A third, related category of security challenges arises from domestic and regional political economies, especially insofar as the states of the Gulf Cooperation Council (GCC) are concerned. Three particular security challenges in this category stand out. All three overlap with others mentioned. The first has to do with energy security, both in terms of uninterrupted flow and access to open transportation routes and also insofar as shale gas is concerned. The very strategic significance of the Persian Gulf derives from its rich deposits of oil and gas. With the Hormuz Strait as a chokepoint, and with the potential threat of regional conflict ever-present – between Iran and Israel, for example – the flow of oil and gas supplies from the Persian Gulf to importers in Europe and East Asia is a matter of considerable security concern. Also consequential are advances in the search for alternative energy sources, especially shale gas, some of the richest deposits of which are found in China, the United States, and Canada (as well as in Argentina, Algeria, and Mexico). Although shale gas is yet to pose a serious commercial challenge to global producers of oil and natural gas – especially Qatar, Iran, and Russia – its future commercial potentials are estimated to be considerable and therefore of serious concern to the Persian Gulf.
A second security challenge arises from the consequences of having collapsed states in the proximity of the Persian Gulf. In the 2000s, the collapsed Iraqi and Afghan states became fertile breeding grounds for jihadist militants whose focus was as much transnational as it was national. By and large, however, the chaos that these two countries experienced remained contained within their own borders. In the current decade, with reconstituted states in Iraq and Afghanistan far from able to establish law and order in any meaningful way, there are additional potential collapsed states in Yemen and Syria. The potential fallouts of collapsed states in Yemen and Syria are especially problematic for the Persian Gulf given the intimate involvement of Saudi Arabia and Qatar in the Syrian civil war and the permeable nature of the Saudi-Yemeni border, despite Saudi Arabia’s construction of a security barrier between the two countries.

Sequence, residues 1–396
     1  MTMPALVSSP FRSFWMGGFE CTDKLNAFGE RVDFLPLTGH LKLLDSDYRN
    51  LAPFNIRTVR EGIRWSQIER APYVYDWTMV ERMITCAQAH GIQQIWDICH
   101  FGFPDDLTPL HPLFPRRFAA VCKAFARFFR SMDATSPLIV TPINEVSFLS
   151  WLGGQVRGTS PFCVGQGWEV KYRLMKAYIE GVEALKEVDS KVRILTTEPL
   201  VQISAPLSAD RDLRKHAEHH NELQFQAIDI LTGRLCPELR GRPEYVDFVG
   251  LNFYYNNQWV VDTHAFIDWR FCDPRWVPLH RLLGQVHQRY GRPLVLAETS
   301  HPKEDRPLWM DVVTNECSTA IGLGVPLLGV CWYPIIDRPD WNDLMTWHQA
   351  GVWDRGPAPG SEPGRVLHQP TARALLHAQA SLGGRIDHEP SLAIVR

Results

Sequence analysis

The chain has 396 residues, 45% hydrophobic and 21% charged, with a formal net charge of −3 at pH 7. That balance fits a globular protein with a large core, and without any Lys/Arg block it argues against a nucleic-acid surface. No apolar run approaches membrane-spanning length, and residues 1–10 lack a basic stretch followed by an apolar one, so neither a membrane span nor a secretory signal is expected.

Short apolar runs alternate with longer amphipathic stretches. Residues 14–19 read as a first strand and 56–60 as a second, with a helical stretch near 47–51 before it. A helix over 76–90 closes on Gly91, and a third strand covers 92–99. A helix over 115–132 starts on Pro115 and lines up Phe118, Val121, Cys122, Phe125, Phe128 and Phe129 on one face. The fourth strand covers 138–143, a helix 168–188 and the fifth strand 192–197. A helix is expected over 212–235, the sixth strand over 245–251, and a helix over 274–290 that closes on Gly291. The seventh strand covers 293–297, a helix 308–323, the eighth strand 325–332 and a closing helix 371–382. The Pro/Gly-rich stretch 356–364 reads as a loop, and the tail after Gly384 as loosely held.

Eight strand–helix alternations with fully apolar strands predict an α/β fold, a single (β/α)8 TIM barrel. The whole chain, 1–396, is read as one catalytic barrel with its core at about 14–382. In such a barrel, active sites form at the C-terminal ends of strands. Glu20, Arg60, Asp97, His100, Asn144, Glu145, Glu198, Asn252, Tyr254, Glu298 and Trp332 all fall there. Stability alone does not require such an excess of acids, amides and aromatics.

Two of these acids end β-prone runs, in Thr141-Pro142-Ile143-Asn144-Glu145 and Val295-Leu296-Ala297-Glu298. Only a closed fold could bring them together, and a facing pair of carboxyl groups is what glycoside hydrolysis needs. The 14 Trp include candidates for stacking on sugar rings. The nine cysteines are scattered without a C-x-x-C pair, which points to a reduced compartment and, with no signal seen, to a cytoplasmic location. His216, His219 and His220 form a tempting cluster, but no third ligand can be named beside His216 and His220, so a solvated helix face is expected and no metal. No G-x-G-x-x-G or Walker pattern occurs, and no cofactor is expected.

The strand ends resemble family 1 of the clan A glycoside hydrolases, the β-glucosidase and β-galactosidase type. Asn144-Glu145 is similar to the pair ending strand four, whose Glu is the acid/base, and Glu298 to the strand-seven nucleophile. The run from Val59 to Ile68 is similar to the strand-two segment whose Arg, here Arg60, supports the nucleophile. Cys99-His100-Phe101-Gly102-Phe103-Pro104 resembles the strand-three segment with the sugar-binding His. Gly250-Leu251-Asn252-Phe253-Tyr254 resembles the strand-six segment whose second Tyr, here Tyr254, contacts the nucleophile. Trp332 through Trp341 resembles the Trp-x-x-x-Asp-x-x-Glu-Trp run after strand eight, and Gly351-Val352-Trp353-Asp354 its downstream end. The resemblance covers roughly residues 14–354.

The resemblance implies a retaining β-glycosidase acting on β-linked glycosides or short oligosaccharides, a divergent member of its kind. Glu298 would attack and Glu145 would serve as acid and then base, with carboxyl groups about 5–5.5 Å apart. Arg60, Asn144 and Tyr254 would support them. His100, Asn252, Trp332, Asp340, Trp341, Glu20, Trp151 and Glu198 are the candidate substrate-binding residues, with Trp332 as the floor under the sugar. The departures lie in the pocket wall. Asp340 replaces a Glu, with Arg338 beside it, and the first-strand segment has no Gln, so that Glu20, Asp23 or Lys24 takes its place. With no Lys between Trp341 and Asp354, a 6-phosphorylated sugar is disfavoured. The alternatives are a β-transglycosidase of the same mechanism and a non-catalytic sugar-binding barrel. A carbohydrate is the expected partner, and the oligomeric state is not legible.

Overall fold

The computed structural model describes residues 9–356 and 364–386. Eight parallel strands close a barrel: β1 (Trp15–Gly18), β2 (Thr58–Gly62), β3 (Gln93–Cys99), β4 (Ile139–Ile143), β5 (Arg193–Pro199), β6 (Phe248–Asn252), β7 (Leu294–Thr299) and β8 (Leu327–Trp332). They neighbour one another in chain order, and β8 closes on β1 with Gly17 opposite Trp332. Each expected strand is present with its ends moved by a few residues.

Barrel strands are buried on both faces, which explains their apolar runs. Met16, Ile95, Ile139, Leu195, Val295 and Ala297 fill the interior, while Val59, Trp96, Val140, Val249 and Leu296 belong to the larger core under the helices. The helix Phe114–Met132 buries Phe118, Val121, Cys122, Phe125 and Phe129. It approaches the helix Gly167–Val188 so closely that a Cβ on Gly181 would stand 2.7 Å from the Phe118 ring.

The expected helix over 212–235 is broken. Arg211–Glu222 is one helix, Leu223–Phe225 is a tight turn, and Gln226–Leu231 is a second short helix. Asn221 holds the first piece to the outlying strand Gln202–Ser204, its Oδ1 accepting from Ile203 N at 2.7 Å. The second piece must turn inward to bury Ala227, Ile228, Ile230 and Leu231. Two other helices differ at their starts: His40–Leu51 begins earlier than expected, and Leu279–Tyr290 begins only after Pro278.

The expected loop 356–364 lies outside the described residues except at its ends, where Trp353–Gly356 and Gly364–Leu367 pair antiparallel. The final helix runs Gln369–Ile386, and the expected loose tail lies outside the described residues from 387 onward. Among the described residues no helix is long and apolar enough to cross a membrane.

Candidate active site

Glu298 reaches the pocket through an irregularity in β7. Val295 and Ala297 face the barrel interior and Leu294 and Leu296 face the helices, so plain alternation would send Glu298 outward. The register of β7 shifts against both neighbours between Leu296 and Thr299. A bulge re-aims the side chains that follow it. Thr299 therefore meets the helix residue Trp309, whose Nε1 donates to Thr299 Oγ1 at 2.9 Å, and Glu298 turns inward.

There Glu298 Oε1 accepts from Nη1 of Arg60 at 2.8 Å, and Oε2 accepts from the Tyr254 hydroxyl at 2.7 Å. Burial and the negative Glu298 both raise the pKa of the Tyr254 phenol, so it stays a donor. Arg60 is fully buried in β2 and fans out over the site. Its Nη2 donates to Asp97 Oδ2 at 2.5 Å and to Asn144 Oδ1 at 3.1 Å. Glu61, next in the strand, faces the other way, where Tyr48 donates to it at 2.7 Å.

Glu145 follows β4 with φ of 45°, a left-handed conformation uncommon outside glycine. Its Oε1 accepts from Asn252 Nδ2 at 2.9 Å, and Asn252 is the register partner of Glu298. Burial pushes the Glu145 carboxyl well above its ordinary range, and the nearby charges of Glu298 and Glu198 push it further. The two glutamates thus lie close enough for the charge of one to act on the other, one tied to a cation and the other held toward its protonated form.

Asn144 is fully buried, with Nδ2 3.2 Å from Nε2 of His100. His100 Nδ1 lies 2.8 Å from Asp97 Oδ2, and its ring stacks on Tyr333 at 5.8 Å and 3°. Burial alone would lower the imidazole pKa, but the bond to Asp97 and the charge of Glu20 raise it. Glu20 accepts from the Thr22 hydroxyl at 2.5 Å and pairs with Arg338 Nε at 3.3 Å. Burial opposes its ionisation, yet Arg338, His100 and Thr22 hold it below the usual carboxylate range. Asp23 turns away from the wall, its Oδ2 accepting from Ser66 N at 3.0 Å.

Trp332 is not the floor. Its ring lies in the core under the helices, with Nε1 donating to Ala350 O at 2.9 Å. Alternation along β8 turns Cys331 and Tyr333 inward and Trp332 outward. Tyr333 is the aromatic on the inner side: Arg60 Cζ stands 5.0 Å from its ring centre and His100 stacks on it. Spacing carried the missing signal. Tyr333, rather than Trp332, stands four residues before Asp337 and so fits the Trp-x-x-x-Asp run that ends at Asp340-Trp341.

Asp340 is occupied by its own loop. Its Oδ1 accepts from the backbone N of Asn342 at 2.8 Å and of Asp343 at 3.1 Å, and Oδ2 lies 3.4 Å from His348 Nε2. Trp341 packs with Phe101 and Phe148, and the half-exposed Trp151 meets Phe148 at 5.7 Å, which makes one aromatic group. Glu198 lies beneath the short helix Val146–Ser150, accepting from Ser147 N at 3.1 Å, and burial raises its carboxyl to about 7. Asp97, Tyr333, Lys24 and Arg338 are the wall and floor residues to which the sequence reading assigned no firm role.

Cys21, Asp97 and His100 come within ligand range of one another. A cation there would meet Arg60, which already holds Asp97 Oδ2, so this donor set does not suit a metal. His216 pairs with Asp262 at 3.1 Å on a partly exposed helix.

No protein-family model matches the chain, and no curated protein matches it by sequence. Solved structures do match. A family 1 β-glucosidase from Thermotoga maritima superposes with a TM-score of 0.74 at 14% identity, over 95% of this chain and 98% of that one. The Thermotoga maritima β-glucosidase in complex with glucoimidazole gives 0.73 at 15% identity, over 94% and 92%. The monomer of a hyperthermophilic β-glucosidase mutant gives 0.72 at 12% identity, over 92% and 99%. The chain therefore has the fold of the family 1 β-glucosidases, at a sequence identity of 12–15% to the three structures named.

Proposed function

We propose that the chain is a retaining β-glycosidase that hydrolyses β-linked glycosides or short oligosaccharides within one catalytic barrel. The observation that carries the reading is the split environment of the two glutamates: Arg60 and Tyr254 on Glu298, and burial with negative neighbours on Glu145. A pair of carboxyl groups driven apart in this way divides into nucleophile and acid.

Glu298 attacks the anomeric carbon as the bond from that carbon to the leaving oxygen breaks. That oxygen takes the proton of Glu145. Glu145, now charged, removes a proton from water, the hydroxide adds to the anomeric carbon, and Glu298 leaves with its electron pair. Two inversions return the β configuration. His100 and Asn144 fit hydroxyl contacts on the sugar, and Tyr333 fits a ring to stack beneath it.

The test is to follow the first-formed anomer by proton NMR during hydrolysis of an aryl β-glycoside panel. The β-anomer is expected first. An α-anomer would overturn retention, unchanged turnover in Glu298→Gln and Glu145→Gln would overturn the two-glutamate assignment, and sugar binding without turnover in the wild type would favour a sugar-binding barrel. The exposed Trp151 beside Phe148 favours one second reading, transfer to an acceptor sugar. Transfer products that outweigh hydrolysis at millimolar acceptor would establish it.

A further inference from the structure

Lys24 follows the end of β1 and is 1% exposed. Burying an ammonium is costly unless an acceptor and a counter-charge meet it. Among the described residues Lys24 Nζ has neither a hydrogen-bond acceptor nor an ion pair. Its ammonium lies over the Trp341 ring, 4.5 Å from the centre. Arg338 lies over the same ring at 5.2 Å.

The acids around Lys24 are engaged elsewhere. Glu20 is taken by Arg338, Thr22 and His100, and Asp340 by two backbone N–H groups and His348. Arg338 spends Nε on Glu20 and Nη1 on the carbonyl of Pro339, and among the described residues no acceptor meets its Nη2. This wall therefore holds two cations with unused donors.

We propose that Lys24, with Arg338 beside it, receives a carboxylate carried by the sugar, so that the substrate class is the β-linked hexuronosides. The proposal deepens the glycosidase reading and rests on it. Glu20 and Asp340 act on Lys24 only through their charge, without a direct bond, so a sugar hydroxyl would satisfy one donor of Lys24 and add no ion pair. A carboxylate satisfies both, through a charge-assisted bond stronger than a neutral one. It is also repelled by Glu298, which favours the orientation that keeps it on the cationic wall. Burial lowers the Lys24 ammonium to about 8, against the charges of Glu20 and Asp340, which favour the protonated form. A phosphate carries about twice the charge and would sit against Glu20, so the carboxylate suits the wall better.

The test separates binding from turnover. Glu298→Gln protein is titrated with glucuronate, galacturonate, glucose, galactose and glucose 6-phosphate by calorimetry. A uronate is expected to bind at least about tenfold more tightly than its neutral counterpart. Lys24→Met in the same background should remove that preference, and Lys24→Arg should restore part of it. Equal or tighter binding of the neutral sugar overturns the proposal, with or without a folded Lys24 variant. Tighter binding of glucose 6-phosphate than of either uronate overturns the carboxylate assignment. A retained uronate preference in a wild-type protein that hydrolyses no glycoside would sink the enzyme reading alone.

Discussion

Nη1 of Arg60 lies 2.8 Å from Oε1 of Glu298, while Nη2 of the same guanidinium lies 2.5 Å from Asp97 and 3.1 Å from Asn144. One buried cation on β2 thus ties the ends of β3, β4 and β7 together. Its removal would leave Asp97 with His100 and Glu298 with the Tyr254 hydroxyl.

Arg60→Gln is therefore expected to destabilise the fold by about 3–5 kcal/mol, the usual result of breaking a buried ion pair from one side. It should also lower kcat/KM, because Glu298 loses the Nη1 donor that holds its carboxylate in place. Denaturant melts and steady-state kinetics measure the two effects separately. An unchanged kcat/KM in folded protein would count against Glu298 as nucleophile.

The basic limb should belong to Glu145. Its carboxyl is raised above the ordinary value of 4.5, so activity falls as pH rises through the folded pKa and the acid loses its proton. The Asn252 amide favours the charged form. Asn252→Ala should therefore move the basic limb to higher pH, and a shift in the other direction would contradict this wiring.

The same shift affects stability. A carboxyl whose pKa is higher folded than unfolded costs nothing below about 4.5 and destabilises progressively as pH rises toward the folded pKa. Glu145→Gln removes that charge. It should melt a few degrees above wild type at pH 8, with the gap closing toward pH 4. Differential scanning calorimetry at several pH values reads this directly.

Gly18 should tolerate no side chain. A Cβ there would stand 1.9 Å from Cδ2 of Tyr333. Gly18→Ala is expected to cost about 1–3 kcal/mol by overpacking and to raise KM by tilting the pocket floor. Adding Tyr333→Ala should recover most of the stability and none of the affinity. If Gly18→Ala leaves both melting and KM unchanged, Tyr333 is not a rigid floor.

The third security challenge has to do with the possibility of cracks in the rentier bargains on which Persian Gulf states rely for governance and political legitimacy. Some of the less wealthy GCC states are particularly vulnerable. Kuwait, the UAE, and Qatar each have inordinate financial resources and relatively small populations of nationals, and therefore their vast and expansive rentier bargains are unlikely to face serious challenges in the foreseeable future. Saudi Arabia, Bahrain, and Oman, however, where state revenue per capita is not as extensive, tend to be less well equipped to deal with fluctuations in oil revenue or with other economic and political disruptions. Widespread unrest in Bahrain, scattered protests in Saudi Arabia’s Eastern Province, and instances of disquiet in Oman are already indications that these states’ efforts at buying off political legitimacy through financial and economic largess are not having universal success. In each case, the state has responded with a combination of reinvigorated authoritarianism on the one hand and more extensive rentierism on the other. Nevertheless, especially as the events of post-2011 have demonstrated, the possibility of political instability in the GCC states is not beyond the pale.
Mehran Kamrava is a professor and the director of the Center for International and Regional Studies at Georgetown University School of Foreign Service in Qatar.